This piece about why niche media is important is not only spot-on but also more than a little distressing as it evaluates some recent mainstream foul-ups. But aside from that I think it exemplifies why newspapers in particular missed an opportunity back in 2003 or so to reach out to the emerging independent blogger field and work with subject matter experts, bringing them into the fold in a way that was mutually beneficial instead of playing around with paywalls and so on.
An interesting perspective on why Marissa Mayer is making the moves at Yahoo she is.
Poynter has a great rebuttal of Buzzfeed’s much-discussed “The Social Media Editor is Dead” piece. In my opinion there’s still a strong need for there to be one – two is actually better – who act not just in a traditional editorial capacity but who also are kind of the heart and soul of the program, who keep it true to itself, who know what the goals are, who knows the nuances of the fan base and more. This is’t a dead role, it’s one that is vital and necessary if if the responsibilities are and will continue to evolve over time.
I think this hand-wringing story about the demise of high school newspapers falls victim to the trap of getting hung up on form-factor. So what if a high school is producing a Tumblr blog instead of a print paper if the content is similar? It’s not about the printing press (or the blog platform or anything else) it’s about training kids to be writers, photographers, coders and more in a way that gets them excited about the process, not the distribution form.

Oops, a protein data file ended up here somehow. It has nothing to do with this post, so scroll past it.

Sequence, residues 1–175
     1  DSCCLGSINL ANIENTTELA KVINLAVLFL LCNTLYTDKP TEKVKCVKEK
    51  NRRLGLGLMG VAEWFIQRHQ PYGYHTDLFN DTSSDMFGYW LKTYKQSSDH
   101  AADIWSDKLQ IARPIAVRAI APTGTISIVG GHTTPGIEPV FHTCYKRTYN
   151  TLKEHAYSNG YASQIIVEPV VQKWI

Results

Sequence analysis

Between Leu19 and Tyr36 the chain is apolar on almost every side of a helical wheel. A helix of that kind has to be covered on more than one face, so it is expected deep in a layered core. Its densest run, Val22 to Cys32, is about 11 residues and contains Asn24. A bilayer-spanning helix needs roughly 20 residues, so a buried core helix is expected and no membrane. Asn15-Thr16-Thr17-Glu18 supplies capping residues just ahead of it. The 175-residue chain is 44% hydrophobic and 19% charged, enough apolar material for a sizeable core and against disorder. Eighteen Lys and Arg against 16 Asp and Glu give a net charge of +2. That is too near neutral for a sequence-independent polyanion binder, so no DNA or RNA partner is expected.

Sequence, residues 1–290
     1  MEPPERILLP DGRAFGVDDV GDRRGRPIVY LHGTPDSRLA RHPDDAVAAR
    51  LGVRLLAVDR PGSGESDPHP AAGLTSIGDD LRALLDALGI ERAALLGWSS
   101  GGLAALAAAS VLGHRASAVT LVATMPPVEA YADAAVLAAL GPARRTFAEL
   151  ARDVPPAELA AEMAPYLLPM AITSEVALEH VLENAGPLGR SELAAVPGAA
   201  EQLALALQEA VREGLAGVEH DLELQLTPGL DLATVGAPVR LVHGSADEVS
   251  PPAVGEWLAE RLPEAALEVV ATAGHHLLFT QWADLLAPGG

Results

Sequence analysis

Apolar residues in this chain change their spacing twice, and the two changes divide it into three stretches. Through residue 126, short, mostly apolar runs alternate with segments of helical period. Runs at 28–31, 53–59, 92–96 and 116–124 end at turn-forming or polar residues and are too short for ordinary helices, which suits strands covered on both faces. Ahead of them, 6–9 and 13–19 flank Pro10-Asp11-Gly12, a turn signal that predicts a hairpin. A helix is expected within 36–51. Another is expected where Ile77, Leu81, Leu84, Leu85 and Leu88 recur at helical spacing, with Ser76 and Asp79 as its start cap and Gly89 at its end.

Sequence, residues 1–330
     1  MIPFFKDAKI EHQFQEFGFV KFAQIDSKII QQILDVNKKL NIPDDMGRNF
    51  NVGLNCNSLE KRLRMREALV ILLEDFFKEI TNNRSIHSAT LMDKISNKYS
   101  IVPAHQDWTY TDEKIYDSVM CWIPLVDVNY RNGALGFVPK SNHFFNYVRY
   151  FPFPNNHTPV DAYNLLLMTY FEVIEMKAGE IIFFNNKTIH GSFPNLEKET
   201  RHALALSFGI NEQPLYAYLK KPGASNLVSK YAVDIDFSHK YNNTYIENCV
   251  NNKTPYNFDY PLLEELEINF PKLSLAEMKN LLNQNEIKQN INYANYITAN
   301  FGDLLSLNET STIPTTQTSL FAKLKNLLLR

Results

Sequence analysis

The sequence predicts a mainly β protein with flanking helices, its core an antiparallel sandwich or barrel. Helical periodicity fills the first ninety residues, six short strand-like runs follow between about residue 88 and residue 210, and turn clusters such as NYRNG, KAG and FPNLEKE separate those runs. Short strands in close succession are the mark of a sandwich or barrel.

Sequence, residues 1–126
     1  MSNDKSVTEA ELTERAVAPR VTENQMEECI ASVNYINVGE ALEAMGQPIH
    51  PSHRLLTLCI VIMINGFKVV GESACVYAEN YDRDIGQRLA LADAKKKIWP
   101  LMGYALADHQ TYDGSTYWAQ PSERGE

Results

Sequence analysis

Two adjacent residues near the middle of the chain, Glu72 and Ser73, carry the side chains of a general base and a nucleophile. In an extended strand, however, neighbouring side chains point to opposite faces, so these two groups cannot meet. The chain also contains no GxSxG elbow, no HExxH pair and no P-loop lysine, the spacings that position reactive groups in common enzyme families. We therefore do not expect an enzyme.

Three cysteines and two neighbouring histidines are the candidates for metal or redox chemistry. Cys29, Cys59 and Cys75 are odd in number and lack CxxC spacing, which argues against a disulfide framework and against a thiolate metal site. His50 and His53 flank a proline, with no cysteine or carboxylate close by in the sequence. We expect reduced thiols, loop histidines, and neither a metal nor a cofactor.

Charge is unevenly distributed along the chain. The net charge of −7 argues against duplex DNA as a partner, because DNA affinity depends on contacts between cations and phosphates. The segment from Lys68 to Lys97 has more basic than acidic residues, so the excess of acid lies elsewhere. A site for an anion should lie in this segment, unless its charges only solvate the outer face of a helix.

This article shouldn’t be necessary as everyone should already be in complete agreement that The Monkess are and always have been cool.
Medium is a platform that I’m super-intrigued about. The closed beta that it’s been in for an extended period has allowed it to highlight and curate some high-quality material from some great folks. But when it does open up and it loses the mystique of being a high-end, prestige magazine of sorts it will have to use it’s cool set of tools and functionality to compete with WordPress, Tumblr and everything else in the platform market.
Movie theater chains want to force studios to make trailers shorter by 30 seconds, or about 1/5 of their current running time. The hilarity starts when the theater owners start talking about shorter trailers creating a better movie-going experience when they’ve done everything in their power to make that experience almost excruciating while grabbing every ad dollar they can.
Long story short: We’re not going to Mars any time soon, though it will be super cool when we do.
No, we don’t want Facebook – or any other company – deciding what is hate speech. That’s largely because at any scale it needs to be algorithm-driven and that leads to an incredibly faulty system that will penalize a lot of innocent people while still letting lots slip through.